Implicit Egoism in Sentencing Decisions: First Letter Name Effects with Randomly Assigned Defendants
TSE Working Paper No. 16-726
49 Pages Posted: 7 Mar 2017 Last revised: 10 Feb 2020
Date Written: April 20, 2019
I find that judges assign 8% longer sentences to defendants whose first initials match their own. Name letter effects amplify when the first and second letter of the name match, when the entire name matches, when the name letter is rare, and appear for roughly all judges. The effects are larger for black defendants classified as “Negro” rather than “Black”. The first initial effect replicates for the last name, as does the difference by racial label. These results are robust to adjusting for controls including skin, hair, and eye color, which highlights how racial labels can affect recognition and dignity.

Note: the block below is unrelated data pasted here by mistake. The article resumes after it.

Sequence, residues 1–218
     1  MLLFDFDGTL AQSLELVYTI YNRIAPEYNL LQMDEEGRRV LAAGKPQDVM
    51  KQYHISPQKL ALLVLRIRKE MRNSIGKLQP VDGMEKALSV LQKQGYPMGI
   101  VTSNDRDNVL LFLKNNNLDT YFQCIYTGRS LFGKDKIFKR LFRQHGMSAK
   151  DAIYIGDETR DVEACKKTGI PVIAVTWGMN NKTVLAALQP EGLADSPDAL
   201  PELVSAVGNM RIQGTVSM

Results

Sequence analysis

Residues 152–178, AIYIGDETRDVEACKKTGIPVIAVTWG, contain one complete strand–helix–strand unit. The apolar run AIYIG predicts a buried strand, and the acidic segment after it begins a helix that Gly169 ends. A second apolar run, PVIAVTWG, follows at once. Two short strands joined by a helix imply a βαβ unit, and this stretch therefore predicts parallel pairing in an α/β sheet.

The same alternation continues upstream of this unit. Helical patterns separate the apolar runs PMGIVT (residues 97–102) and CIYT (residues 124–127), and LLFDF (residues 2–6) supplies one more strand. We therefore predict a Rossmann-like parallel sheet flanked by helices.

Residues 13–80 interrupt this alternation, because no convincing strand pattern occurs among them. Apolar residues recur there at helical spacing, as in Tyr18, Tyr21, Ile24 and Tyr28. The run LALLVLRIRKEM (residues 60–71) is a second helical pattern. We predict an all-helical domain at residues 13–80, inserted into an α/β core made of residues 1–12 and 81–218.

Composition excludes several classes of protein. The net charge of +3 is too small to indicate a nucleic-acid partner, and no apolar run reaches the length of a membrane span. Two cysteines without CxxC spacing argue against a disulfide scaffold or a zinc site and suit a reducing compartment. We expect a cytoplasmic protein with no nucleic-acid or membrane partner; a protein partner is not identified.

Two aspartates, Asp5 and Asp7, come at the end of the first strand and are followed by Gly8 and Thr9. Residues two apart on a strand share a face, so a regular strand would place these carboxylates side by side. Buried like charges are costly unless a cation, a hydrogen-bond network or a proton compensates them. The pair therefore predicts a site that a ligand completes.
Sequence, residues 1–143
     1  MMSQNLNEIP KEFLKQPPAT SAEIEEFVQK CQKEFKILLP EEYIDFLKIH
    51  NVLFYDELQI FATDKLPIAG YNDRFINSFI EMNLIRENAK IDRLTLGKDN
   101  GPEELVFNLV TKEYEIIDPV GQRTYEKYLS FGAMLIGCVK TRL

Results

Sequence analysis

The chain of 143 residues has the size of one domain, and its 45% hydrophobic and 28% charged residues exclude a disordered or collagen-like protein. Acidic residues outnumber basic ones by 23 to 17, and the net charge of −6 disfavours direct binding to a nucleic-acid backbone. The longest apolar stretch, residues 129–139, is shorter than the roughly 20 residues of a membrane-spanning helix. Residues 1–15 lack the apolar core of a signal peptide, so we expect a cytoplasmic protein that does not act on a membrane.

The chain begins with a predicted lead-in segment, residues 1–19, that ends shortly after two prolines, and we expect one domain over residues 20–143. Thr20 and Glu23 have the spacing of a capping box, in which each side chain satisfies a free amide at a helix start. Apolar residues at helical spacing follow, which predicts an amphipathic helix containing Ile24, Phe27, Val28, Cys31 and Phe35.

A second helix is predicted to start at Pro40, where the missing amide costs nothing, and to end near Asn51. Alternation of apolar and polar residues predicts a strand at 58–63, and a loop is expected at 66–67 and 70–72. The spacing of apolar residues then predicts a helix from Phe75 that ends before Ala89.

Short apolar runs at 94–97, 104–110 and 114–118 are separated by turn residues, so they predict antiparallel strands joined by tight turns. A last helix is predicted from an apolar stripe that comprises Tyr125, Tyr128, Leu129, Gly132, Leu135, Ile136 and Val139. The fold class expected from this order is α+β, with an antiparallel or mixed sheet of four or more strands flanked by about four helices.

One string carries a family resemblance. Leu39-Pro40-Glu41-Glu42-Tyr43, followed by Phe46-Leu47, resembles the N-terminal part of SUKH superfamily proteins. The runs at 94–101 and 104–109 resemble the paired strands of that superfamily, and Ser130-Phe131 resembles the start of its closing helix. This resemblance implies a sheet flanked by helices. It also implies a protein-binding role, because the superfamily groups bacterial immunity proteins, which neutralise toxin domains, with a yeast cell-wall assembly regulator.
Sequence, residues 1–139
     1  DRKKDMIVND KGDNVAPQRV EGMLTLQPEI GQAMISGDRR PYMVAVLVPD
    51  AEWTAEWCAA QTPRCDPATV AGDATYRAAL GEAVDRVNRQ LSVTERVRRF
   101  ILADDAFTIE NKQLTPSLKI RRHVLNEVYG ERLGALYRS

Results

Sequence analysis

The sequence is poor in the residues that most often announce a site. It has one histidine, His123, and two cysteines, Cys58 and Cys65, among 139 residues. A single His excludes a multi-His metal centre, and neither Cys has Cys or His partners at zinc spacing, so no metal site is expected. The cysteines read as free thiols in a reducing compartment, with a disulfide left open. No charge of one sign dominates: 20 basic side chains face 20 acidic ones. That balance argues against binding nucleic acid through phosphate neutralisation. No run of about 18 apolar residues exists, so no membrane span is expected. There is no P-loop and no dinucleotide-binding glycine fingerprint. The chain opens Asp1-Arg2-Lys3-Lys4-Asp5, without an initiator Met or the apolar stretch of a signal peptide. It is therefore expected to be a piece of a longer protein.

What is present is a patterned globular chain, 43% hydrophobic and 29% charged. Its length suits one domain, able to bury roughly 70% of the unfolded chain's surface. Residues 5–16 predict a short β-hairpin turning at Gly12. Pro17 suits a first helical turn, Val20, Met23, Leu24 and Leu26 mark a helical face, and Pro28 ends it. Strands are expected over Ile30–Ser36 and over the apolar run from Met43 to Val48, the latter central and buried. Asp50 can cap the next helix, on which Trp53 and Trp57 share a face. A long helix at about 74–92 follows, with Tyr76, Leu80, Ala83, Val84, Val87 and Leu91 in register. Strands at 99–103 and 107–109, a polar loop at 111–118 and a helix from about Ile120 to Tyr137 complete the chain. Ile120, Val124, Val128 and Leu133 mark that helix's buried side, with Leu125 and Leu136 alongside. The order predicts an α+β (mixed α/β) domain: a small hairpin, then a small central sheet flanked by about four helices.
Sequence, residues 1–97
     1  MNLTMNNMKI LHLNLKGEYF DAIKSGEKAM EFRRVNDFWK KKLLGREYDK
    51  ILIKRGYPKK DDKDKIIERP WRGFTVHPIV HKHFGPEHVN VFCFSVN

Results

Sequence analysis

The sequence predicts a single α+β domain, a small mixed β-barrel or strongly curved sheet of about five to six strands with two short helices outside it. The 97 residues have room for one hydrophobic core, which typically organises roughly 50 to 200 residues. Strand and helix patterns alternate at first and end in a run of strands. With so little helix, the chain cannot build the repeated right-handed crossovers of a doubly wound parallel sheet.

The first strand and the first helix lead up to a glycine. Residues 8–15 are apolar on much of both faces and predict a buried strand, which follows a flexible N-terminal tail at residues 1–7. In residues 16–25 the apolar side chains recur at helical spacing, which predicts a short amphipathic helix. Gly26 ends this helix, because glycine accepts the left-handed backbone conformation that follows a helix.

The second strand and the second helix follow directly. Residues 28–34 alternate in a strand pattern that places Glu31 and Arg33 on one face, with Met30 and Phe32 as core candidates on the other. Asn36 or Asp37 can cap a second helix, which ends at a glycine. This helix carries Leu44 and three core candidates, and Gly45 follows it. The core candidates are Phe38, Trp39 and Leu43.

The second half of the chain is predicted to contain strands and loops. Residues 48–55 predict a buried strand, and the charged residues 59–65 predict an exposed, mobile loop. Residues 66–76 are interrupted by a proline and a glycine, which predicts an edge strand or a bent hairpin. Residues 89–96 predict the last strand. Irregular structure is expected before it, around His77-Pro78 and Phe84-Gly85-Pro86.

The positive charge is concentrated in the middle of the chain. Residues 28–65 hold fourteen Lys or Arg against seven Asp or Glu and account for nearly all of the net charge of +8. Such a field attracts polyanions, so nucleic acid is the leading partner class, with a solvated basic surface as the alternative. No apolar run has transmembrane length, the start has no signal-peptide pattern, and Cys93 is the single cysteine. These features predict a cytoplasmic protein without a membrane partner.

Keywords: Implicit Egoism, Name Effects, Defendants, Egotism
JEL Classification: B51, C93, D63, D64, J15, K00
Suggested Citation: Suggested Citation